For its Grease-tacular Disco Pant, American Apparel slays another guileless chick on its altar of unrepentantly exploitative ad banners. Meet Shermine, who loves! disco!
Like our compromised heroine at 2AM, the ad dramatically blacks out with the closing sell: LE DISCO PANT.
American Apparel: sure, it's seedy as all hell. But if you've followed it as long as we have, then you must admire its unwavering loyalty to a single brand persona: rain or shine, in sickness and in health, in grayscale or by low-budget lamplight.
Even Microsoft can't be that consistent.
A Humanitarian Lion supporter produced a video riffing off Burger King's Whopper Virgins campaign, where documentarians engage Third World inhabitants in hamburger taste tests -- and incidentally pop their hamburger-free cherries.
Unlike Burger King's ad footage, which makes backwater village life look exotic and friendly, the pro-Humanitarian Lion video uses images of abject poverty to illustrate "Whopper Virgins," followed by Nike Virgins, Playstation Virgins, Perrier Virgins and Human Rights Virgins.
The push point: "Millions of people cannot enjoy the world. Why not use our creativity and power to help them once a year?" A link to the Humanitarian Lion website wraps it up.
Poignant if lengthy. If nothing else, it illustrates the crassness of imposing Whoppers and Big Macs on people with bigger voids to fill.
To celebrate Virgin Atlantic's 25th anni, "Still Red Hot" brings us back to June 22nd, 1984, when London's Gatwick Airport changed forever.
On a day that would otherwise be forever defined by a miner's strike, Virgin Atlantic's premier crew of red-clad flight attendants broke the mundanity with their bitch-watch-me walks and winning smiles. A revolving ticker overhead ties fiction to fact: Virgin's first-ever flight route, VS001 to Newark, is ON TIME.
While statistics are easy to play with and manipulate to suit a particular argument, this video from Did You Know 3.0 offers up some stunning stats.
To the tune of Fat Boy Slim's Right Here Right Now, we are told tidbits such as the top ten in-demand jobs in 2010 did not exist in 2004; by age 28, people will have had 10-14 different jobs; one out of eight couples who married last year met online; if MySpace were a country it'd be the 5th largest; Bermuda has the deepest broadband penetration; the number of text messages sent and received each day exceeds the total population of the planet; the mount of information generated this year will exceed all that was generated of the past 5,000 years; an NTT fiber optic cable is capable of pushing through 2,660 CDs in one second; by 2013 supercomputers will exceed the computational capabilities of the human brain; by 2049, a $1,000 computer will exceed the computational capabilities of the entire human species.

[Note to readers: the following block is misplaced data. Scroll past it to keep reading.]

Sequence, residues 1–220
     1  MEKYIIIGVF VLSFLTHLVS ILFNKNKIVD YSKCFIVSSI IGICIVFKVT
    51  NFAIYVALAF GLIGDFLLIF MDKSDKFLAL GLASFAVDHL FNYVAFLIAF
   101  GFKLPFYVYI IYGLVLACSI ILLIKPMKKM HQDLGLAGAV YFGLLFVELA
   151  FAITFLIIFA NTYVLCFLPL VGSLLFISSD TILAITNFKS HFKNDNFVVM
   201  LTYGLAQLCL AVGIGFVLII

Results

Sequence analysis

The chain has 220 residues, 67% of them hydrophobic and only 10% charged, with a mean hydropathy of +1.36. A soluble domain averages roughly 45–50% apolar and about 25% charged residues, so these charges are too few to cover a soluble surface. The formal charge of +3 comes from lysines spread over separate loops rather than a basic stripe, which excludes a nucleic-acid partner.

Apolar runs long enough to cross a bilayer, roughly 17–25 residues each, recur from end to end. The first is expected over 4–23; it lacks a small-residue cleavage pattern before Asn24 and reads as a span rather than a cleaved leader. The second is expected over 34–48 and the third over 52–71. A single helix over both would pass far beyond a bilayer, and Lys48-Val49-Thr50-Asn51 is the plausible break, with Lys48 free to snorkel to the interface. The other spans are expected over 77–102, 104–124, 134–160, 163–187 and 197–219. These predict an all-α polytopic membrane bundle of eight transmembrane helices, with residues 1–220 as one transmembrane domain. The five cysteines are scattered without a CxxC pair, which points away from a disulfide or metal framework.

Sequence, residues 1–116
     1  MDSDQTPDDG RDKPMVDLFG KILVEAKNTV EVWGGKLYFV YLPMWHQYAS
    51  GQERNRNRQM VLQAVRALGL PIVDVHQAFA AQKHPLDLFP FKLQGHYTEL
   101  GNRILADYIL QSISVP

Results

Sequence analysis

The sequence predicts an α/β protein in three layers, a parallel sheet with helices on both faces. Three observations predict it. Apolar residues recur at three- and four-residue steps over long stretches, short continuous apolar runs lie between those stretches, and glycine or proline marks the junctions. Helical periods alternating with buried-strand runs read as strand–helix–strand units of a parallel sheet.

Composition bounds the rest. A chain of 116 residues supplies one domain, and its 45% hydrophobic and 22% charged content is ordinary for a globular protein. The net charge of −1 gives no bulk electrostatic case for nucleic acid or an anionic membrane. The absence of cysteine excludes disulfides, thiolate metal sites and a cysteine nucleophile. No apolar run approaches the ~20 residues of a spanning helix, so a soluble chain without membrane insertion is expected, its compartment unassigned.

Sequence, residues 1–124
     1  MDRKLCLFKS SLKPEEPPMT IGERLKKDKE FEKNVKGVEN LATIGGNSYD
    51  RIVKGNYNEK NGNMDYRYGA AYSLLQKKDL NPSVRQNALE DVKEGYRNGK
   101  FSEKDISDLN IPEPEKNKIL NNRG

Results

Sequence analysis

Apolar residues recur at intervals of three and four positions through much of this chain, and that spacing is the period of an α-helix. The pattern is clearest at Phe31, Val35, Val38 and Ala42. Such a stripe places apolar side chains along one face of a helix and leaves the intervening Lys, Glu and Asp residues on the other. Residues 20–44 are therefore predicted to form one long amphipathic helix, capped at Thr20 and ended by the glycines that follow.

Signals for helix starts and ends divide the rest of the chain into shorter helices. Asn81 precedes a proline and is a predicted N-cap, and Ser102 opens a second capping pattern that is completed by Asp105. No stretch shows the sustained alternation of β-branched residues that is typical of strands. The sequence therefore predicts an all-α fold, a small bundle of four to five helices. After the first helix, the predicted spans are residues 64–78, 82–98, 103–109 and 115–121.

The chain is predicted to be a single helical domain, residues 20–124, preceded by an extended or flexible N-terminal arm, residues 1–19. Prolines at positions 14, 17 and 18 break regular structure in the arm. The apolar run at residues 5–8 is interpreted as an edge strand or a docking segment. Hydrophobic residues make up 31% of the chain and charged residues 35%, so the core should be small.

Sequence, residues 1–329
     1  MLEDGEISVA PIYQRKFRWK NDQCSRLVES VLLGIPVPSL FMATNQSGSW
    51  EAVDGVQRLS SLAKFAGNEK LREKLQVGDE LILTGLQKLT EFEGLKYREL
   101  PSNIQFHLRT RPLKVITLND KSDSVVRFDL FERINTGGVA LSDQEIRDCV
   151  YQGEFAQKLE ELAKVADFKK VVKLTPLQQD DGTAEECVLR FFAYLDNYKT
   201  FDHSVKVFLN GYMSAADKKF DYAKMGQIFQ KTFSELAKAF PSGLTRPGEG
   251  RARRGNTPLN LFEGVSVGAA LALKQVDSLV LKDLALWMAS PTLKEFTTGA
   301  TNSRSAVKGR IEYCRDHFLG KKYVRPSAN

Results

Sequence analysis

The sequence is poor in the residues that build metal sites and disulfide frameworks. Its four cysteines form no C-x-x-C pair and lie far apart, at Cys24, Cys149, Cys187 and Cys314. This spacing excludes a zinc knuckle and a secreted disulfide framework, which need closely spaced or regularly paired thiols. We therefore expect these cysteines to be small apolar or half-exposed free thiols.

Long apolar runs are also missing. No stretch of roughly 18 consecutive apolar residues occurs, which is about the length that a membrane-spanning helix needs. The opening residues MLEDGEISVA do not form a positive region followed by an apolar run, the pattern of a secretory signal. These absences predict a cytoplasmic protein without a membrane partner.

Hmm. So maybe by 2013 contextual advertising will finally become "intelligent" enough to stop placing ads for turpentine next to stories about girls who drank the stuff to induce an abortion?
This holiday, Brew Creative decided to forego that "we're donating to charity!" crap that other agencies are doing and cut right to the good stuff. Here's a mash-up of all the depressing political soundbytes we were all subjected to this year.
If nothing else, let this knowledge fill your heart: our government makes so many warped promises that our interests are bound to be met at least some of the time, so keep right on coasting along and eating bacon.
Probably the best thing about this effort is the ability to sift through a broad array of disconnected soundbytes and make your own "message of hope." Politico quotables are divided between "Phrases" and "Connecting words." Good times.
Mashup features provided with help from Sevnthsin.
- Top 10 virals of '08, courtesy of the guys that brought you this.
- Digitas Health donates to charity for the holidays, as does RAZ PR (which told us via paper card). Meanwhile, comScore pledges trees.